Wednesday, September 21, 2011

linux and the pen drive boot.

alright, so in this article, i will be walking you through how to get a linux distro on a flash drive. this is perfect if you like to take your operating system with you, or if your new to linux and just want to try it out before installing it.

a few things to keep in mind:
  • you will be limited to 4 gb of saved data, as your drive will be formatted in fat32 (im assuming you still want to be able to use the drive to store file in windows)
  • unless you run the installer, nothing touches the hard drive... the whole opperating system is ran from the flash drive.
  • you can still 'mount' your hard drive and use the files on the computer.

ok, now that we got that cleared up, we need to choose what distribution you want.
if you are looking at security auditing, backtrack 5 r1 is the 'standard' at the moment.
for a desktop environment based on home use, i would recommend mint over ubuntu... but its all preference.
if you want a small distribution, puppy is a ~65mb os, however it doesn't look too flashy.... peppermint is a good middle ground, at 500 mb with  a lot of built in packages and a nice out of the box look to it.

if you don't know what to start with, i would recommend mint, and just go from there.

aright, now to actually install your linux distro on to your flash drive, you will need one of two programs, pick the one based on your needs:
  • YUMI: allows you to install multiple distributions on one flashdrive and has a nice boot menu.
  • lili: unlike yumi, it only allows one distribution, but it allows you to have a persistent file system*. lili also can install a vmware so you can run linux inside of windows. the last feature lili has, is it can hide the linux files (you cant even see them when view hidden files is on) which is nice because your flashdrive is not cluttered.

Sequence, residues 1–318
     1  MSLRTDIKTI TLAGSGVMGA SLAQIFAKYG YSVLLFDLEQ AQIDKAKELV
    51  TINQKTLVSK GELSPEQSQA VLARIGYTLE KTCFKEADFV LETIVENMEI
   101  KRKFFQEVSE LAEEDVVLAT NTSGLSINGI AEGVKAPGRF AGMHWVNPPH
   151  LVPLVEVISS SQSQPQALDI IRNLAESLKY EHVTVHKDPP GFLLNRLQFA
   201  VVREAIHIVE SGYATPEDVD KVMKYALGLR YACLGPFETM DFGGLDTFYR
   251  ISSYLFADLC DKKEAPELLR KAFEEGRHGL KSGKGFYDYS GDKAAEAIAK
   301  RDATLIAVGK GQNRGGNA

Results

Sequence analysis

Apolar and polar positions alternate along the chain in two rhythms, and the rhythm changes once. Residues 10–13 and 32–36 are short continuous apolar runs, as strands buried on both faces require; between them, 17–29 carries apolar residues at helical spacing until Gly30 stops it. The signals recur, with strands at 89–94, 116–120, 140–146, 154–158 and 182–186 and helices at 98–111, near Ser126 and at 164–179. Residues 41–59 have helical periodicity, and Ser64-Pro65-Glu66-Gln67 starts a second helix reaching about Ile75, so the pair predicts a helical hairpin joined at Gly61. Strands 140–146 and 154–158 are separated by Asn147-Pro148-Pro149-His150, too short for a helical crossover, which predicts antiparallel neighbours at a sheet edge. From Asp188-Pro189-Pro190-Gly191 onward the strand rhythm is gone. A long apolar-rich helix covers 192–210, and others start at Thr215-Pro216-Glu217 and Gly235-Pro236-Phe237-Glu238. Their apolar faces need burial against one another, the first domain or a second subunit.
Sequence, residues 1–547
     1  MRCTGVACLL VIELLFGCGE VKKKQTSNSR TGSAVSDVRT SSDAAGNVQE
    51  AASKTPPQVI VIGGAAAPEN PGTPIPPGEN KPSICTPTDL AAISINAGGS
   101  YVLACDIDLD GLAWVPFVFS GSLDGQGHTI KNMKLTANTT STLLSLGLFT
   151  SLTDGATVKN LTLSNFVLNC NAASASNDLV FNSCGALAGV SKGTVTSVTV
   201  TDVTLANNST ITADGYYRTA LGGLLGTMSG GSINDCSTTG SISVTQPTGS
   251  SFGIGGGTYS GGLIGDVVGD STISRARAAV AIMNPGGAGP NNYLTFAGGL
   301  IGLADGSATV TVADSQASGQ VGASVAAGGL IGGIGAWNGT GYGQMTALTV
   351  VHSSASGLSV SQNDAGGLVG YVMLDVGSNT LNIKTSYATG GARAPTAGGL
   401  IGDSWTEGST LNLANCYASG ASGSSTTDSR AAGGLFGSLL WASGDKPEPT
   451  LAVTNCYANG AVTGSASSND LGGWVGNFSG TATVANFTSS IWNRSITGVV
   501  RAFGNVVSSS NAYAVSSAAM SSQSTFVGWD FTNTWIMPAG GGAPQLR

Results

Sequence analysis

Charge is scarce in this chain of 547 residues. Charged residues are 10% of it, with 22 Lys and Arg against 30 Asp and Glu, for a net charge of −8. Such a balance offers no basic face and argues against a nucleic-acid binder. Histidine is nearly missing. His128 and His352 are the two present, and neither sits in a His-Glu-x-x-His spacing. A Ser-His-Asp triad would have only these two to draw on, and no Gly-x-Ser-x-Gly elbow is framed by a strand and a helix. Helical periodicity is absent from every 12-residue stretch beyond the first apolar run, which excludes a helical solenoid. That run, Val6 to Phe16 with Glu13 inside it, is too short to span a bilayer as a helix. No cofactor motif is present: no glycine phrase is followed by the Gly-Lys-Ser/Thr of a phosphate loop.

in all, go with lili unless you want multiple  distributions. in this tutorial, i will only cover lili, but yumi is very strait forward to use.

alright, go download lili from their website.
once it is installed, yo should see the following screen.
pick your flash drive in the top section, if you launched the program before you plugged in your flash media, make sure to press the refresh button.

now go down to step 2, click the ISO button and browse to your desired .iso, in this case... linux mint 11.

it will take about a minute to check the file integrity, but after that is done, slide the persistent file system slider to the desired size. this is how much memory the portable OS will have to save applications in between boots.
under step 4, i recommend checking all the boxes, however... remember to back up your data before formatting. (the top box hides the files in windows, the middle formats, and the bottom one nstalls a vmware so you can run linux in windows.

step 5: click the lightning bolt! press yes to format, and now wait as your new bootable drive is made!
(it takes a while!)

now that your bootable device is made, time to boot into it!

  • plug your flash drive in while your system is off.
  • turn on your system and press your blot option key, or possibly a menu key. these are generaly an F* key or delete.
  • pick your flash drive and press enter.
  • base don the distribution, the boot should take from 15 seconds to a few minutes. generally speaking the first boot is the slowest, so read another tutorial while you wait :)
  • you should see your beautiful linux os in front of you.
here is a video of booting into the flash drive.


Agustin Slater said...

good post..

Anonymous said...

Awesome tutorial and thanks for the video.

You sound a little nervous though. Relax! You're doing a great job.

Major.Mack said...

nice work. thanks

gog said...

one step closer to switching to linux 4 me!

Michael said...

Nice blog. +followed!

Chas Kane said...

Have you ever tried to program a device driver for Linux?

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